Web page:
If you've ever gone to the store in search of the perfect hair dryer, you may have found yourself overwhelmed by all the styles, shapes and sizes that line the shelves.
So The Early Show's stylist to the stars, David Evangelista,
Evangelista says the first step is to become familiar with the different types of hair dryers so you can avoid buying something more elaborate and expensive than you need.
A few general ground rules:
There is a wide range of prices for new hair dryers and, while choosing a dryer because it is dirt cheap is never a good option, you can cut your costs by choosing one that has only the options that you will really use.
Since most inexpensive hair dryers only come equipped with one temperature setting, you can literally blast your tresses to death with the unchecked heat from one of these models. The inexpensive dryers are best for people who rarely use them. They're also OK if your hair is extremely short or if you only use a hair dryer briefly to set your gel.
The danger in the cheaper models is that they can scorch your hair or, because they often don't have fan cages, your hair can get pulled into the fan.
Many of these professional dryers are quiet and feature new drying technologies such as ionic and ceramic energy to cut your hair drying time in half. They infuse moisture and only cause minimal damage to the hair cuticle. They'll usually last you a lot longer than the moderately expensive dryer. Their motors are far more powerful and well-built than the moderately expensive dryers, and with the technology they use, there's less chance of blowing out the dryer completely.
The more expensive models are also better for women who straighten their hair on a regular basis. They have far more horsepower than their commercial counterparts, and will withstand prolonged high heat better than the less expensive models.
Once you choose your price point, the next step is to narrow down the different models. To do so, look for some of the bells and whistles that could be highly beneficial to your type of hair.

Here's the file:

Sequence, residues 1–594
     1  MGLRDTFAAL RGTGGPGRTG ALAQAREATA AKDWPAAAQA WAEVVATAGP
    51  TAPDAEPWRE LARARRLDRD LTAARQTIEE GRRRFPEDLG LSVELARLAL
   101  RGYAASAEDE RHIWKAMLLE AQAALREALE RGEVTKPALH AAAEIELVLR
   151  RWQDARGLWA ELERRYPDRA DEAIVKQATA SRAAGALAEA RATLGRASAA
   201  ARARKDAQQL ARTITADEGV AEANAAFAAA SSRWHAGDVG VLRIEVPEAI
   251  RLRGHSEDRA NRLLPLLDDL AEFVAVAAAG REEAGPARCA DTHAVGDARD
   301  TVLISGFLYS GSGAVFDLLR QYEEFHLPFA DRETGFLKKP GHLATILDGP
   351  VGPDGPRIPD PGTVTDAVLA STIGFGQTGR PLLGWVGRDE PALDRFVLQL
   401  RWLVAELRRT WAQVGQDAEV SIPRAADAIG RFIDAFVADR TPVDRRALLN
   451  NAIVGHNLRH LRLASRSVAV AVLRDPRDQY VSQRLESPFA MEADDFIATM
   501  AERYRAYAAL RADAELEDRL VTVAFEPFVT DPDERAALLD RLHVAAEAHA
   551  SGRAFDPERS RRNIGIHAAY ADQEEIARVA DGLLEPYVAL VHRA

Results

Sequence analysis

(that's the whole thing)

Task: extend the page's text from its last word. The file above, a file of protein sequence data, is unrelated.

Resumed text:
Ions are hot these days in the world of hair dryers. They are charged particles, each of which contains either a positive or negative charge.
Positive charges, from the common blow dryer, cause the cuticle covering of the hair shaft to open, causing the frizzies and a dull appearance.
Ionic hair dryers produce negatively charged ions, ostensibly causing the cuticle to remain flat, "trapping" moisture, thus eliminating the frizzies and giving hair more body. Plus, they promise to dry hair faster than regular dryers and leave it shinier and smoother. Ionic dryers are also supposed to banish the static electricity that results in a flyaway mess of hair.
These are good for everyone, especially if you have normal hair that doesn't need a tremendous amount of styling help.
Stylists have become fans of ceramic brushes during the past several years because they style hair quickly without damaging the outer layer of the hair cuticle. Dryer manufacturers are now incorporating ceramic into their dryers, which yields many positive results.
Conventional dryers have a standard rope heater that heats the perimeter of the airflow. The addition of a ceramic heater provides even heat distribution to help prevent hot spots and hair damage when styling.
The ceramic heater is self-regulating and turns itself down as it senses the surrounding temperature. Because ceramic dryers are self-regulating, many don't come with multiple temperature controls, usually just low and high. Ceramic dryers are also said to reduce bacteria formation, resulting in a healthier scalp. They also prepare hair to resist the effects of weather conditions, help create lustrous hair that feels freshly conditioned and produce a high-heat drying effect at a lower temperature than your conventional dryer.
Pure ceramic dryers are great for women who need a little more power from their dryer than those with "normal" hair.
Several dryers are using ground tourmaline in their heating mechanisms, which boosts the ionic power of the dryer and slashes drying time and static. Some companies, such as T3, claim drying time is 70 percent faster with the tourmaline dryers.
Tourmaline-infused dryers, like those from BaByliss and T-3 Tourmaline, will cost you a bit more money than their plain-ionic counterparts, but there are bargains to be found. Conair's Infiniti Tourmaline Ionic Styler is among the less expensive models and very accessible. And some actually combine ceramic and tourmaline technologies for even faster drying time.
These are wonderful for women who put their dryers through the ringer. Steady, heavy-duty usage for straightening or blowing out hair is what these dryers were designed for.
As with all thermal styling tools, hair dryers cause damage to the hair shaft. Incorrect or repeated, high-temperature use of a hair dryer can leave your hair looking dull and frizzy.
Evangelista recommends using a medium-sized barrel brush and pulling the hair taut from roots to ends. As you move the brush down the hair cuticle, follow it with the nozzle of the dryer with the nozzle pointing down. Pointing the nozzle up the cuticle will disrupt it and make it look frizzy.
For extra lift, with hair wrapped around the brush, blast the underside of the roots before blowing out each section. Continue to dry all the way around your head in the same fashion and just be a little patient.